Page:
Why start another fund?

Four people familiar with the fund shared concerns that it reflects a continued inability and unwillingness among the nation’s biggest philanthropies to partner outside of funding silos, even amid the once-in-a-generation opportunity of these bills and the existential threat posed by climate change. All were granted anonymity to candidly share their concerns without damaging relationships.

The federal bills, and particularly the IRA, intentionally intertwine economic development and decarbonization goals, along with other aims. Instead of following that lead, major funders have set up two separate funds (so far) — BuildUS and Invest in Our Future, focused on workers and decarbonization, respectively, albeit with some overlap — with which grantees must build relationships and submit proposals. Some see a risk of reinforcing a philanthropic perception that climate funding is just about emissions reduction, not economic development, let alone equity or health or other issues.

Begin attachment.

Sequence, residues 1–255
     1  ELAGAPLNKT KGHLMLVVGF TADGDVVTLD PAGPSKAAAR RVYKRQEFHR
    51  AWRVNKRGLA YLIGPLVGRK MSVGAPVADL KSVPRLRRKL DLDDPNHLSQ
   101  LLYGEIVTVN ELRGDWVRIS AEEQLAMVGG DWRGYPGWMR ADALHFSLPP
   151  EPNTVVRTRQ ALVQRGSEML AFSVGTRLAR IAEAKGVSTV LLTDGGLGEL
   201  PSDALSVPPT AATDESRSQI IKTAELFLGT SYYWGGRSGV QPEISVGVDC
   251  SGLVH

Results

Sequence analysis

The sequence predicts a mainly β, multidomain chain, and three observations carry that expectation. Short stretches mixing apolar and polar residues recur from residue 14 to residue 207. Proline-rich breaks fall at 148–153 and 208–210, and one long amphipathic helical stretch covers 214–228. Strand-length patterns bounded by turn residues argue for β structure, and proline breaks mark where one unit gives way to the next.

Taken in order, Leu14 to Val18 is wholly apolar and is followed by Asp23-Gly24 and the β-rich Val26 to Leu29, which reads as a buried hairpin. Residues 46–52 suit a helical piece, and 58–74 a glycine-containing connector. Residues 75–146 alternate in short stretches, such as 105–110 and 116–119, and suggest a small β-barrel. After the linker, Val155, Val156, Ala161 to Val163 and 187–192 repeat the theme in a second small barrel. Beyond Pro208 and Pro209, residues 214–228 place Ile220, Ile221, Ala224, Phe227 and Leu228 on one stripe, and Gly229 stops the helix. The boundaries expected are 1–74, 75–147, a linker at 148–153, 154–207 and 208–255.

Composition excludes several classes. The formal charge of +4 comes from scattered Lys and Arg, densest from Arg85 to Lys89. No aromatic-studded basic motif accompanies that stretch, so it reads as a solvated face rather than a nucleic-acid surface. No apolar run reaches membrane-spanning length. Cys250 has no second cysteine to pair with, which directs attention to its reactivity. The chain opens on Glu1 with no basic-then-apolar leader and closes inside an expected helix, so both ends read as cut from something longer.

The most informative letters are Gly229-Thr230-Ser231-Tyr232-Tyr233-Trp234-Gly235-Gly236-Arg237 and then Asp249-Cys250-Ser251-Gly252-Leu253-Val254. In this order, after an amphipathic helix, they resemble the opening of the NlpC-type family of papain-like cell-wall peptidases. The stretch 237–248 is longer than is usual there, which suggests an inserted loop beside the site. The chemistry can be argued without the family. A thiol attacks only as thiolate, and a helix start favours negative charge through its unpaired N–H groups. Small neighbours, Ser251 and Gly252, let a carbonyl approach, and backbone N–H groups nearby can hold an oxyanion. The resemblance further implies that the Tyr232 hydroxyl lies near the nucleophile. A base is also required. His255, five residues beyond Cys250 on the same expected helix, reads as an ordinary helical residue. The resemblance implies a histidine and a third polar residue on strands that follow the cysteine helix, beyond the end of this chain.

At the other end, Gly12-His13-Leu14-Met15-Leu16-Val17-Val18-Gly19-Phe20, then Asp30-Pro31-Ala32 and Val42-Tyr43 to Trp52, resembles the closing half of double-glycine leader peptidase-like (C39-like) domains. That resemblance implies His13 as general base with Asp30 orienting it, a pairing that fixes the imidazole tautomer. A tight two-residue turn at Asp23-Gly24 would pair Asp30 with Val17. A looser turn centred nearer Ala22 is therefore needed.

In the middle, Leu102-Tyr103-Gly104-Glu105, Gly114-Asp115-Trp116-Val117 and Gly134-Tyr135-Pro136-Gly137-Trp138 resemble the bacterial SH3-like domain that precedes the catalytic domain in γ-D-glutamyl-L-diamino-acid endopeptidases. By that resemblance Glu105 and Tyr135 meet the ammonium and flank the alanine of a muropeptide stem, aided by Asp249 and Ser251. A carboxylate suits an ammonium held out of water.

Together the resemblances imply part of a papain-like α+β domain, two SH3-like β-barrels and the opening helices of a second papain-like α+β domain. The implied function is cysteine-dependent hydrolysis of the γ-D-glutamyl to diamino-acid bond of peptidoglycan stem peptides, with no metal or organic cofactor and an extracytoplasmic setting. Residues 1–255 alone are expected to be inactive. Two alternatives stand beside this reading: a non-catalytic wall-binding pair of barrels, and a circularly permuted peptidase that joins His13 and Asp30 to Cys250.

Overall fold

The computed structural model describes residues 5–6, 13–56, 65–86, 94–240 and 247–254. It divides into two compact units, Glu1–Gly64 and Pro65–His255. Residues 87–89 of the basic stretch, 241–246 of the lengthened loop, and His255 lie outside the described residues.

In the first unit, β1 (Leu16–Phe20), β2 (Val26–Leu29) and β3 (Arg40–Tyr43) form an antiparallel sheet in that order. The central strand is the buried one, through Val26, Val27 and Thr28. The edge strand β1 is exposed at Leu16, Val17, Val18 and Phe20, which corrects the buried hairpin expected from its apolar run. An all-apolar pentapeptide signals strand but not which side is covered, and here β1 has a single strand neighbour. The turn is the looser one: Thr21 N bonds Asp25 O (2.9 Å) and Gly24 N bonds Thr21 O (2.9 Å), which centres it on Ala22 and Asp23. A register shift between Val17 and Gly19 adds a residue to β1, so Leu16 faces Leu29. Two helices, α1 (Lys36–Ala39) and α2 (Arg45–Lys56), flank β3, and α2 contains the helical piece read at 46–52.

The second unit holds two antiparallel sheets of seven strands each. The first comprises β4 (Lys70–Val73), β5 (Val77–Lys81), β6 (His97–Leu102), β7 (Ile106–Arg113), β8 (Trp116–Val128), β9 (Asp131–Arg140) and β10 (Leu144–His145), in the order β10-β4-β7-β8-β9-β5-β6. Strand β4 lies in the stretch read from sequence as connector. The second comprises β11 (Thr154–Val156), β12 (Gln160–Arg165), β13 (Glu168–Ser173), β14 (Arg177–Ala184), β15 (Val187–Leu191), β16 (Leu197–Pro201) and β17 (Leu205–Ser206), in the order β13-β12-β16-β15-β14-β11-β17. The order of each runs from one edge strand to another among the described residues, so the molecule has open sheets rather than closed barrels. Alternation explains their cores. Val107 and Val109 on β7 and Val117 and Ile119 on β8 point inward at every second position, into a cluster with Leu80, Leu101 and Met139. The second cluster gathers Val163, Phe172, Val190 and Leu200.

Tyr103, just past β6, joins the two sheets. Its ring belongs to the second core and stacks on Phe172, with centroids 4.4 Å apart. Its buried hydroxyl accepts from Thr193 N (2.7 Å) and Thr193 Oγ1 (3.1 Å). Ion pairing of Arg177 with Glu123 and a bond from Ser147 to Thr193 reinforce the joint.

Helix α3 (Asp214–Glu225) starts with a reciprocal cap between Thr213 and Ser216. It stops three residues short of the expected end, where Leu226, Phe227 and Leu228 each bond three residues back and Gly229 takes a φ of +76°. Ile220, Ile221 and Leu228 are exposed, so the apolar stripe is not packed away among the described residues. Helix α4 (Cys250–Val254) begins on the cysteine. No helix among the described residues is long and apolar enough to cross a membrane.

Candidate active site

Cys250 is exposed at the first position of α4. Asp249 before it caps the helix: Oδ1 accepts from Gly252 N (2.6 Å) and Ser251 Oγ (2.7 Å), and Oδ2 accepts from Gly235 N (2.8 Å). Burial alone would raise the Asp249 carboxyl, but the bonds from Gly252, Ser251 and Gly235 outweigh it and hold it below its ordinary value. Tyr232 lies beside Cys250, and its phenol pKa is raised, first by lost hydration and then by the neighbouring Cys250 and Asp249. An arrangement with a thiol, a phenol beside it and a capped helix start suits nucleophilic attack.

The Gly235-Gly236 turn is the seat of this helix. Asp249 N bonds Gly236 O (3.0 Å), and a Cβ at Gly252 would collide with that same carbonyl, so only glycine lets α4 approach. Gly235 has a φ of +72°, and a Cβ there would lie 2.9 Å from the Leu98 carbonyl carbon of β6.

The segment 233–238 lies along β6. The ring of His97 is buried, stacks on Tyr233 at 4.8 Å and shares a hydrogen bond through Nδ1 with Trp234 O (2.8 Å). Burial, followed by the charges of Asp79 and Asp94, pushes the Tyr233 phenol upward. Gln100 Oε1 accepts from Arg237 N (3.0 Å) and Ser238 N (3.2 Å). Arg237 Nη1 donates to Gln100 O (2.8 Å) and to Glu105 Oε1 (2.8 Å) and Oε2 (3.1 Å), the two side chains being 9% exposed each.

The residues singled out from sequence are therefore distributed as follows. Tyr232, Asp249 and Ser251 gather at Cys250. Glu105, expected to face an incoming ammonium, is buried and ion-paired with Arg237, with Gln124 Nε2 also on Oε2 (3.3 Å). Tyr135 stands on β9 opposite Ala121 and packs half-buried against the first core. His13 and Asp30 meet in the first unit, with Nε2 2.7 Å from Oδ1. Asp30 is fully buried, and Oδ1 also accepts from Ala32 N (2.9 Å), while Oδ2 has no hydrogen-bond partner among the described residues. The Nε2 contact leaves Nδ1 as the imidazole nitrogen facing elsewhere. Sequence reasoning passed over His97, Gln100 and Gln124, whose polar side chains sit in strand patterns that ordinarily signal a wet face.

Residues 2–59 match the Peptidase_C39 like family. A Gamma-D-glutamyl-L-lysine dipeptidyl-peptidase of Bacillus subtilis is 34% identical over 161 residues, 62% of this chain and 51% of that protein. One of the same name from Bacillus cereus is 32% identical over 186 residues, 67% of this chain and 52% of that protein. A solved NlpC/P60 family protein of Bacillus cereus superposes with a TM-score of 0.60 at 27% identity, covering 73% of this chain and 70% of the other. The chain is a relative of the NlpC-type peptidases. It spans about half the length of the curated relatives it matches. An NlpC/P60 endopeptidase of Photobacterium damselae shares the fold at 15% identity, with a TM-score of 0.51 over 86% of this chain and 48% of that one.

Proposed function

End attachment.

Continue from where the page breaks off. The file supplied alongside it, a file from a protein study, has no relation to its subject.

Most of those consulted also saw this effort as costly duplication within a climate funding field that already has a dizzying number of intermediaries, and indicative of the major funders’ unwillingness to give up power. The field’s regrantors not only include several funding worker power through a climate lens, but also funds started by or guided by the communities that funders often say they wish to empower.